It’s important to the set-up of Gentlemen of the Wardroom that the captain is wounded in ship combat with some pirates. He then holes himself up in his cabin and won’t let anyone look at his wound, which naturally festers and feeds into his ultimate insanity. The first time I ran this game I came up with this complex system for ship-to-ship combat which was OK, but ate a ton of time and frankly took away from the time dwelling on the horror aspects. Later I reduced this to just narration and a couple roles for each player to dictate how they comported themselves in the combat. Likewise before the combat even comes I had a scene where the ship stops for supplies and the captain goes off by himself for some dubious meetings. It lets the players get a feel for the setting and ground themselves in their roles pre-horror, but in the long run, is it needed? Is this not just scaffolding?

So what’s the meat of the adventure? Well, the ship gets becalmed and terrible things start to happen. Members of the crew start to go mad. As mentioned before the captain holes up in his quarters and gets up to no good (he’s going to summon something truly horrific if the players don’t stop him.) A mysterious island appears on the horizon which promises to help replenish the dwindling water supply, but it’s full of dangers.

In fact, it’s full of a ton of dangers that I rarely ever got to play because I always ran out of time. Seriously, I drew a map of the island and put like five different interesting things on it, and in play the players maybe got to see one of them. Now that I review my notes, I think if I ran it again I’d be tempted to jump past all that intro stuff. I’d quickly narrate how the ship stopped for supplies and then was attacked by pirates – everyone roll to see how you did in that battle. OK, now we’re in the post battle lull and the ship gets becalmed. We can do that in like fifteen minutes and then let the players either stew on the ship with all the crazy things going on there and/or explore the horrific island.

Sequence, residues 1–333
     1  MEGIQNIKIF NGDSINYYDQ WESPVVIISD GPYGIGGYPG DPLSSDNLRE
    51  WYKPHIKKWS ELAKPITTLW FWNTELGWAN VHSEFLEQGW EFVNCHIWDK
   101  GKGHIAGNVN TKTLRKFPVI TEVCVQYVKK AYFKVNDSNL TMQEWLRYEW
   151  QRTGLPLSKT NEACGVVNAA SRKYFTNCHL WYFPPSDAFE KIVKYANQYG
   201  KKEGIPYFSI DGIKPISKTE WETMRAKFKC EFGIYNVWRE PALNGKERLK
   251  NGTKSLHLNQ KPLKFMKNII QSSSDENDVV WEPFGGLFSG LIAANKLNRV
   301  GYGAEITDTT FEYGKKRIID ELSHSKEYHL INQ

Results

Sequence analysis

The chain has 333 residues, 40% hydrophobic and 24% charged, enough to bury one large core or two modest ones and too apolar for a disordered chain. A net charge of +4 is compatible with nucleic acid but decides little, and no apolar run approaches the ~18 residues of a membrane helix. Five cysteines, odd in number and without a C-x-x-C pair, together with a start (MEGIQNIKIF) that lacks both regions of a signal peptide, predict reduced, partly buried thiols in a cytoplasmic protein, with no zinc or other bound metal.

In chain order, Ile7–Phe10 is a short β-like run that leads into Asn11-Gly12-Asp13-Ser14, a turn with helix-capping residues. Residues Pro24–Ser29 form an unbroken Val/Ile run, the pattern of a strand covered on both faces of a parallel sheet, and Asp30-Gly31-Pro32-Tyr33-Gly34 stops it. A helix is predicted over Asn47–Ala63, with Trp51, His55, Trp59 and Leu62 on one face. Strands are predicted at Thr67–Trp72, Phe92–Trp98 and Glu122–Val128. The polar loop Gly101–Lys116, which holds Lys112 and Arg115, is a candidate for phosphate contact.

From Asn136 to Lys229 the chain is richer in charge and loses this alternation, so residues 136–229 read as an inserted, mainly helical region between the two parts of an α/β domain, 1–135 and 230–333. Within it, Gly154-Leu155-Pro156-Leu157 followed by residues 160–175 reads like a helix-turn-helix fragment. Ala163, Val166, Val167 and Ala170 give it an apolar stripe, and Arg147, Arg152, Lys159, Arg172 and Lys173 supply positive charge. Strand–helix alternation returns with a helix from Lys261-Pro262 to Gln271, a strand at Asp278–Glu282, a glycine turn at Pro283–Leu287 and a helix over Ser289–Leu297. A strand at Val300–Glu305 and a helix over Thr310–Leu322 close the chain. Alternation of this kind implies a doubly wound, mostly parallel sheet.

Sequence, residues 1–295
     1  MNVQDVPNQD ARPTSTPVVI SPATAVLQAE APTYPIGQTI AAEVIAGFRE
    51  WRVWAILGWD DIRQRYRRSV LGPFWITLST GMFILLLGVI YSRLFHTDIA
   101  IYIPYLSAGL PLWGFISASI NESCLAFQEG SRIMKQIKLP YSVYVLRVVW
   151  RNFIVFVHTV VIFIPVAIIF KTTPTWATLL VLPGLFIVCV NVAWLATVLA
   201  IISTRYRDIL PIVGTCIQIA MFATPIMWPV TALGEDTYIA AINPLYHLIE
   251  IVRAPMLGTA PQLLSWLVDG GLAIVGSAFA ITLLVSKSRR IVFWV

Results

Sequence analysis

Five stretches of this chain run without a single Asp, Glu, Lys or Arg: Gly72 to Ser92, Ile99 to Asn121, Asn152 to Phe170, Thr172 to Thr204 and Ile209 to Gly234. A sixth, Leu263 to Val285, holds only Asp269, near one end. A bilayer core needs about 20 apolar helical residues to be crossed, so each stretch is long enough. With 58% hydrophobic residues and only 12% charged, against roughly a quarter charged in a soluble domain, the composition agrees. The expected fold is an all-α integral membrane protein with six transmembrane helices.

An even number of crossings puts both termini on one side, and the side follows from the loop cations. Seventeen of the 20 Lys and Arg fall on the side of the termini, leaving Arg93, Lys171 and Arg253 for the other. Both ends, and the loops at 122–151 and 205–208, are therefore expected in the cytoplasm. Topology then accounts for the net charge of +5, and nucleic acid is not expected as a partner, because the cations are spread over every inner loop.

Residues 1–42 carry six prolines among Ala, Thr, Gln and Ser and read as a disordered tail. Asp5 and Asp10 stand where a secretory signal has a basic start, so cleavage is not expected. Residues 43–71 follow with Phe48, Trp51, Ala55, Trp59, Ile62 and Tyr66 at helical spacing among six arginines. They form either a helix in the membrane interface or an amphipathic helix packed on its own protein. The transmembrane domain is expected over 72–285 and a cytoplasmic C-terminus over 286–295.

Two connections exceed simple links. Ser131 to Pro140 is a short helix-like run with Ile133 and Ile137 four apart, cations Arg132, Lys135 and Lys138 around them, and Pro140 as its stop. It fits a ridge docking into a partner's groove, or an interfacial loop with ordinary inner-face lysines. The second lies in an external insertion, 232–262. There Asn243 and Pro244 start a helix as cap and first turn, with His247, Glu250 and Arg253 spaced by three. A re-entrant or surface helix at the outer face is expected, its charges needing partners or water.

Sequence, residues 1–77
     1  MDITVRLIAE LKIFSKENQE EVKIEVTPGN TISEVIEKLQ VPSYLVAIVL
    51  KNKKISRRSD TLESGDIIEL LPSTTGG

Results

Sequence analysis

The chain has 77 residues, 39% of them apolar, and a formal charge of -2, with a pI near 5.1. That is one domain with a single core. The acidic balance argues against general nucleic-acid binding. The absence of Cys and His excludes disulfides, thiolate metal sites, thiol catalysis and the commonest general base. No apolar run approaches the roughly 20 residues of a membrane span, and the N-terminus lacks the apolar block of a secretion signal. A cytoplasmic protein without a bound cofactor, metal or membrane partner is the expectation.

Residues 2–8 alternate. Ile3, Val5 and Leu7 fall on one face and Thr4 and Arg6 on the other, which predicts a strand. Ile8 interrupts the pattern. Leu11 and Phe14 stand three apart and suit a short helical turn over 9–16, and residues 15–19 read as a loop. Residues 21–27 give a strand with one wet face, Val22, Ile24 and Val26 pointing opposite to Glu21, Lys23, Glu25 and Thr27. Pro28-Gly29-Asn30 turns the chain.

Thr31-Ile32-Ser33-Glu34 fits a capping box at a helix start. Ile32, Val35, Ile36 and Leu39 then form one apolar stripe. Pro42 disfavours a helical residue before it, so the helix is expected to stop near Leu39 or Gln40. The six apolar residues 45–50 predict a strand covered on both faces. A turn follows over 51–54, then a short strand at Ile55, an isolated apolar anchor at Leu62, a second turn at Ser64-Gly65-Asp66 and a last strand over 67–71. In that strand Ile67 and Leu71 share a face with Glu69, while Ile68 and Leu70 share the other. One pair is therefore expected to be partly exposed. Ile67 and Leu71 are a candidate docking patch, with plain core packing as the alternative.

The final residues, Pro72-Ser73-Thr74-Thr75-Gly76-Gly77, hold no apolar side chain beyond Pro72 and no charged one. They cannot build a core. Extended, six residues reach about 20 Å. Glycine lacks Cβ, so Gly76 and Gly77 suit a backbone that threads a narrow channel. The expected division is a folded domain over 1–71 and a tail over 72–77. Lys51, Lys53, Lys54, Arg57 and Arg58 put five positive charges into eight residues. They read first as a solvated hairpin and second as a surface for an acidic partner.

That would again convert my adventure into something that feels much more old school. Gone would be the rote linear progression of events and instead I’d get a nice location and NPC based game that the players can explore in whatever order they like.

In fact, perhaps the best thing for me to do writing-wise is to put aside Checkpoint Zulu for a minute and see if I can’t polish up Gentlemen of the Wardroom as a horror adventure in an old school style. Perhaps if that works it’s something I could then apply to Checkpoint Zulu to un-stick that troublesome beast. It seems like the old school style may be exactly what I need to get past this writers’ block that prevents my games from escaping rough notes and making it into a format that someone other than me could actually run.

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  1. Here’s a move that I find Lovecraft is fond of using: On page 1 he immediately communicates that we’re in full-on lunatic horror land, and as a reader I think, “Geez, he just let the whole cat out of the bag, right?”. And then the story progresses and at the end he reveals that the situation is so much incredibly worse than that initial view, and I’m never prepared and always blindsided by that.

    I think my own college writing instructor said something along the lines of, “Knock ’em on their ass on page one”.